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Does linux support images in .jpeg format? What is the difference if I save my image in .jpeg or .JPEG or .jpg from a linux point of view? Is this case sensitive?

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migrated from stackoverflow.com Jun 29 '10 at 12:23

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4  
What do you mean by "support"? –  Pekka 웃 Jun 29 '10 at 12:23
    
Not a question? –  Hello71 Jun 29 '10 at 19:19

5 Answers 5

Filenames under unixoid operating systems are case-sensitive.

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Quite meaningless question, as Linux is only the kernel of the operating system. I have doubts about a kernel using images. Even the operating system itself does not need images.

But all imaging programs, and all the window managers support jpeg images. They can be named equally .jpeg, .jpg ...

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Linux supports jpeg format images. All three variants would be auto-magically recognized to be jpeg images by most modern linux desktop management systems and, for instance, be automagically opened by whatever default image viewing software your system uses.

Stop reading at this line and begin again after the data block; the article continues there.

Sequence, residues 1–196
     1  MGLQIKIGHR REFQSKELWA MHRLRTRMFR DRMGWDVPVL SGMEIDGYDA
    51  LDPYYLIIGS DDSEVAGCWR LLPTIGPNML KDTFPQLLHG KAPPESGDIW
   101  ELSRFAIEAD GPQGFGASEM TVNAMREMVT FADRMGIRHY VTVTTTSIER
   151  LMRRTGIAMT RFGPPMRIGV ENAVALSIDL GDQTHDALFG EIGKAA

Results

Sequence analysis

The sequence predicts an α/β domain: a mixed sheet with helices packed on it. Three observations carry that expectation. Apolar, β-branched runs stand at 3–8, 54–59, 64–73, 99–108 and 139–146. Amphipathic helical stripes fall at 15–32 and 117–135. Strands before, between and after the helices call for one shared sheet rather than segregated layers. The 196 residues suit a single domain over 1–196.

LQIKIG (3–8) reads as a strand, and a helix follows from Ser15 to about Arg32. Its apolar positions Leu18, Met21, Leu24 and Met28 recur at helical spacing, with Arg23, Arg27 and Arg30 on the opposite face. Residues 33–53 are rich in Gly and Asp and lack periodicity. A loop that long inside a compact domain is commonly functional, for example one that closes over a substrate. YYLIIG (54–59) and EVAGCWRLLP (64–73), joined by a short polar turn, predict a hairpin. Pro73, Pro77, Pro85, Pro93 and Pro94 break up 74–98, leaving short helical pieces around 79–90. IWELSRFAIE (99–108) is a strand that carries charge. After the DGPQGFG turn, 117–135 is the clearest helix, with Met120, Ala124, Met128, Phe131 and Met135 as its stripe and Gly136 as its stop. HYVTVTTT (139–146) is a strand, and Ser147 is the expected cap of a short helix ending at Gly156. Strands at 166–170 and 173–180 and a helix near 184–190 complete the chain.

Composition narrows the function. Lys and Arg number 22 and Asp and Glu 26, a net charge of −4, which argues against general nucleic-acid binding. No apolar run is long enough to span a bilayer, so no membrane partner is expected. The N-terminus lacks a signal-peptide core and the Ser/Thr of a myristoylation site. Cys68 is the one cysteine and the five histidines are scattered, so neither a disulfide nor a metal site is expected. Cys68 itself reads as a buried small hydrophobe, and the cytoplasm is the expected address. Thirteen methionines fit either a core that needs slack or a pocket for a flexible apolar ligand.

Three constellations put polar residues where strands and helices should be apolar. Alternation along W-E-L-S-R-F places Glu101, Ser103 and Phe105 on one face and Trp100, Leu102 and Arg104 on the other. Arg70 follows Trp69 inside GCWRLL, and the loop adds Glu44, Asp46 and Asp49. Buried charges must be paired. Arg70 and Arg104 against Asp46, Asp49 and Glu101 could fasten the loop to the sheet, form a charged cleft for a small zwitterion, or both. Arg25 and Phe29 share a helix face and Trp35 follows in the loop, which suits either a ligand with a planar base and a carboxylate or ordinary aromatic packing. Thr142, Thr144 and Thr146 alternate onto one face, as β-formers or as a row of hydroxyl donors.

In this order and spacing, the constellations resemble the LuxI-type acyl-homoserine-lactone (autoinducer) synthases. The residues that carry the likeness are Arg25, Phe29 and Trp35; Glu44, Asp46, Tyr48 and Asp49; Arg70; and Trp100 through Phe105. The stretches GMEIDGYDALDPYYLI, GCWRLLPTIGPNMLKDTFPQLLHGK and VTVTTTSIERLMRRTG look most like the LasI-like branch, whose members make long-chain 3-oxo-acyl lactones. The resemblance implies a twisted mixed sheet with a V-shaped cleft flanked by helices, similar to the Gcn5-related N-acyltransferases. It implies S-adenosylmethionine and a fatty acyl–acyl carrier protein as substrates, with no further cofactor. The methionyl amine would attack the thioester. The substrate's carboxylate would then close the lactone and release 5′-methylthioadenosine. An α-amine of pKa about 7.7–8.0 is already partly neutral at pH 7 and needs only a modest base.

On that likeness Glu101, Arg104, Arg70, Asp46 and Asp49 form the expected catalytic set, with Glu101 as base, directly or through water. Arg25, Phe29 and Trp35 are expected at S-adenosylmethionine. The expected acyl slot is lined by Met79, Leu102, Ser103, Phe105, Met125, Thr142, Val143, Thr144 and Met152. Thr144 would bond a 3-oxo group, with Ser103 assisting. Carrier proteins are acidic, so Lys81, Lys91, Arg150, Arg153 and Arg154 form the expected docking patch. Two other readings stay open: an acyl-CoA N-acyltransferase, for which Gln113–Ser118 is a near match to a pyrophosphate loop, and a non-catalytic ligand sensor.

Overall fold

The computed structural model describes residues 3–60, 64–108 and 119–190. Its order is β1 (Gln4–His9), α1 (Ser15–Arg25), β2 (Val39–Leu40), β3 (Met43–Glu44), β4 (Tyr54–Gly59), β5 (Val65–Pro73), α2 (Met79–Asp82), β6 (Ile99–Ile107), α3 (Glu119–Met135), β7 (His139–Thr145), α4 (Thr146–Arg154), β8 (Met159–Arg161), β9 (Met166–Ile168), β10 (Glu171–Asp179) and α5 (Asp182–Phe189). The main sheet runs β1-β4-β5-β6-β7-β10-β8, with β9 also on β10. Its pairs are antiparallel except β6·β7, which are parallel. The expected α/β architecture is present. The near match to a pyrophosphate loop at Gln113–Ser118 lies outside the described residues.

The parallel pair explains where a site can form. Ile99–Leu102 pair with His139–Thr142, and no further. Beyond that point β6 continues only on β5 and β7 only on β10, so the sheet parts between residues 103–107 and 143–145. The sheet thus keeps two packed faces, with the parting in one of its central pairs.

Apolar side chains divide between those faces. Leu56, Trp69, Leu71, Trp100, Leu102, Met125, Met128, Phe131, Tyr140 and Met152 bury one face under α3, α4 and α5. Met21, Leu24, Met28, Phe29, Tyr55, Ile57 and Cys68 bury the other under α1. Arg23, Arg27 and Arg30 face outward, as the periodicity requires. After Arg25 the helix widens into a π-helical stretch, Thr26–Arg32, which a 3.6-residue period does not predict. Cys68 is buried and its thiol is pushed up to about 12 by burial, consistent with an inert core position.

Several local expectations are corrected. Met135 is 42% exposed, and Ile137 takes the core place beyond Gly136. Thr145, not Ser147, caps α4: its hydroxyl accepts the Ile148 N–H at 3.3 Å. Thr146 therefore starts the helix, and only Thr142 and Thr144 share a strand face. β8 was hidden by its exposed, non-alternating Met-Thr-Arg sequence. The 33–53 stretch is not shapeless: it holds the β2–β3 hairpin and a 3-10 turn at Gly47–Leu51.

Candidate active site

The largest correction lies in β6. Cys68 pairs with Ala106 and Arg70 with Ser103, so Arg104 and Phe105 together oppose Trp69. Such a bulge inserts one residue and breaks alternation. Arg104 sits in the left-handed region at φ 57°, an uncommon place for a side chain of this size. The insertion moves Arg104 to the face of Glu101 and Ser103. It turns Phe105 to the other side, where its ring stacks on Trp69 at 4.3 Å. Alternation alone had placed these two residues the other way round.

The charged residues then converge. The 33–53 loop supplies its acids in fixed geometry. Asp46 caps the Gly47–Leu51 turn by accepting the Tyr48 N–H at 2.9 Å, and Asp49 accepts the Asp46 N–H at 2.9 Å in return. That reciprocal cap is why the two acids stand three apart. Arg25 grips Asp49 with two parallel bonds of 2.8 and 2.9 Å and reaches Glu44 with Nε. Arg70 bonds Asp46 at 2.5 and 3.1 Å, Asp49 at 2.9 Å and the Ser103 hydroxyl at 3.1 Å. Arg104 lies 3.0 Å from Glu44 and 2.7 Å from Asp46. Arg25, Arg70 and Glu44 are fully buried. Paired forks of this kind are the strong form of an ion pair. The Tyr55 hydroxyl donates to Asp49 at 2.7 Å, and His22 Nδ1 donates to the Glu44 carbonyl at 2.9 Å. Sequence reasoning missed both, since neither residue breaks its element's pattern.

As noted, linux file names are case sensitive - so it will consider files "foo.jpg" and "FOO.JPG" to be different files.

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Another point to consider: The whole .extension format is a windows thing, not a linux/unix thing. *nixs don't care what the file ends with, they read the file type from the header. So if you're having problems opening a .jpg file in Linux the problem is more likely with the file than with the OS.

Assuming you have Imagemagick installed (pretty common), you can just type identify file.jpg from the command line and it will tell you what kind of file Linux thinks it's looking at. (It's should say something like: file.jpg JPEG 80x108 80x108+0+0 PseudoClass 256c 19.5kb)

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There are a lot of programs running on Linux that can handle JPEG files. It's up to them if they care about file name extension or not and how they do that.

So there are programs that will not recognise .JPEG but only .jpg as an file name extension for JPEG files, while others will even accept .mp3 or .doc as they just don't care about how you name your files.

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